The Supreme Court has rejected an appeal to reverse the release of the youngest convict in the brutal gang rape in a major disappointment for the victim’s parents, who are demanding that the offender be put behind bars.
The judges said there were no legal grounds to allow a petition by the Delhi Commission for Women (DCW), which had appealed to the court to reverse the release of the 20-year old from a youth correctional facility.
"The Supreme Court has dismissed our plea in the absence of any specific legislation. He cannot be detained any further," said Swati Maliwal, chairwoman of DCW.
The man, who was 17 at the time of the crime in 2012, had received the maximum punishment of three years from the Juvenile Justice Board. The sentence sparked a debate over whether India was too soft on its young offenders.
The decision on Monday came as a big setback for the victim's parents, who have vowed to step up protests.
"What can I say? There are no words to describe our disappointment," Badrinath Singh, the father of the victim Jyoti Singh, told AFP news agency.
"We don't understand all these laws. We only know that the system has failed us."
Violent ProtestsHundreds of people gathered on Sunday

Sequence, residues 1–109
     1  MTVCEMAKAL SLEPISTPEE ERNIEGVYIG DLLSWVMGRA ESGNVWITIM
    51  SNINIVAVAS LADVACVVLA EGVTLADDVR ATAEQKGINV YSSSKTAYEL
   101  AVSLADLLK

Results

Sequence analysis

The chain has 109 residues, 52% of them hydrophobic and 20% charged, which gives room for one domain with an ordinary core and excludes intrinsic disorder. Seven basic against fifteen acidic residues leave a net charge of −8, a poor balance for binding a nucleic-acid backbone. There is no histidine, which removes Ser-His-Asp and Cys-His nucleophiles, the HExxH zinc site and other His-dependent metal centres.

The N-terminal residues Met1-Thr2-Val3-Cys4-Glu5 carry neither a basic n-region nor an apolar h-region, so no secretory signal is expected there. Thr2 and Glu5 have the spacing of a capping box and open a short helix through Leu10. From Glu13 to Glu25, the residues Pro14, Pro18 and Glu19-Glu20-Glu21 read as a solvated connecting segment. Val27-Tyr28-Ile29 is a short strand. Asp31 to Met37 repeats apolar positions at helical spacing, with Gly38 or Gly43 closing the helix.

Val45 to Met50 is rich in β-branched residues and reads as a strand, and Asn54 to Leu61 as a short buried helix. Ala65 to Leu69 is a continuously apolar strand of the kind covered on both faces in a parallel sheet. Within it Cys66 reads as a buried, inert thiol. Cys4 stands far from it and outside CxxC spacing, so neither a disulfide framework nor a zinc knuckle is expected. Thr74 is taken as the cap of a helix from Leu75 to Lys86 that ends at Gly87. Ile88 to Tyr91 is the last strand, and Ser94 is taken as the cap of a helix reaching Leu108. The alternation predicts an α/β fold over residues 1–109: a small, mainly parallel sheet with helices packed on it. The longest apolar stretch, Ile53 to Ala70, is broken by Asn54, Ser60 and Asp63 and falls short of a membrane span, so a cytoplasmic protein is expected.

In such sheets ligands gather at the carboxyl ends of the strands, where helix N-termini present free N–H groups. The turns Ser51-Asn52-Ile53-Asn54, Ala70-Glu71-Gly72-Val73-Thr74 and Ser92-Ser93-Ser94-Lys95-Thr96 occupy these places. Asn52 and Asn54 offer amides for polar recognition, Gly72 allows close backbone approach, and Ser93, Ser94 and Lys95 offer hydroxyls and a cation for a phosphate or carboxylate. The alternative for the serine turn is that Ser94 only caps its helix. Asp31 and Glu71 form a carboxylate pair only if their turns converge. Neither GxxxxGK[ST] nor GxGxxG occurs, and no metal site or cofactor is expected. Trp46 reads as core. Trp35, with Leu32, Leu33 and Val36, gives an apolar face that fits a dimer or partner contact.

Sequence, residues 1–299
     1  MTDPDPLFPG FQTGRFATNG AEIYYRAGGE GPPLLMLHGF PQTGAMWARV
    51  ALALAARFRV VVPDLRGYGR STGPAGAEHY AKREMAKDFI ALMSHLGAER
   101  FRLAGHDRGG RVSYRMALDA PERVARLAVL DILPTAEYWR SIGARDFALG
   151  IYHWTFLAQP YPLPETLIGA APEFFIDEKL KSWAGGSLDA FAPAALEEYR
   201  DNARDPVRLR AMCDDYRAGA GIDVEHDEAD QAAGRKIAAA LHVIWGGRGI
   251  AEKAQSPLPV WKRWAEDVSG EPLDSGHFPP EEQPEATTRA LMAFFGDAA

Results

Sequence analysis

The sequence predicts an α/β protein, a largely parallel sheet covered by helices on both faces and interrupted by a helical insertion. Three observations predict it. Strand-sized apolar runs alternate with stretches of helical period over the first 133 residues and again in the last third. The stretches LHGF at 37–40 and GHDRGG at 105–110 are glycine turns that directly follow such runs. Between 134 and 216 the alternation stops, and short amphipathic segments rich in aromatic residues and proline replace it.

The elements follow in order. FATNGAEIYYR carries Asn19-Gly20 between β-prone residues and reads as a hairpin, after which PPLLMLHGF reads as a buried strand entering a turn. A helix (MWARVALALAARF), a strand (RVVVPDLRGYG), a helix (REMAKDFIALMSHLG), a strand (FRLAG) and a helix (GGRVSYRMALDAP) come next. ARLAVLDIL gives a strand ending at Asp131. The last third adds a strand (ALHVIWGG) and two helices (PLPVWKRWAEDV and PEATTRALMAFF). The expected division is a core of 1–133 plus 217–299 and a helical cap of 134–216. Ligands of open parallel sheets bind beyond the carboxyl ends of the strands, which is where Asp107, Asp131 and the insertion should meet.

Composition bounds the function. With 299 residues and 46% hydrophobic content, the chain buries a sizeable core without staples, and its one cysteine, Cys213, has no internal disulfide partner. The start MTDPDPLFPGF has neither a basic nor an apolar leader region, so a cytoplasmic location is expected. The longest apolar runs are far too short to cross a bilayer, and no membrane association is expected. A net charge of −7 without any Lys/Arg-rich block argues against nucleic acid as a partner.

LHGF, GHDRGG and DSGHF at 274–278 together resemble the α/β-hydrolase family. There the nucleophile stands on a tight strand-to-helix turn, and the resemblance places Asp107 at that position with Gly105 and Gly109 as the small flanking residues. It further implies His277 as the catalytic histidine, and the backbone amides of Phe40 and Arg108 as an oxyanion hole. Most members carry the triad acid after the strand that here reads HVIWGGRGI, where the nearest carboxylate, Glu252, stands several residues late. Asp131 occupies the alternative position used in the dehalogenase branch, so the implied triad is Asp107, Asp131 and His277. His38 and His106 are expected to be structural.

near Delhi's India Gate to protest against the release. The protests were broken up by the police who had imposed prohibitory orders in the high-security zone near the presidential palace. The victim's parents, who were leading the protest rally, were briefly detained.
Despite the police action on Sunday, the parents are expected to take part in another demonstration on Monday at Jantar Mantar, a traditional protest venue close to the parliament.
"We will not stop our fight here," said Singh. "We will now intensify our protest as my daughter has not got justice."
In 2012, the man and four others were charged with the brutal rape and murder of a young woman after they lured her and a male companion onto a bus in Delhi.
The other four men were handed death sentences for the heinous crime. Their appeals are being heard by the Supreme Court.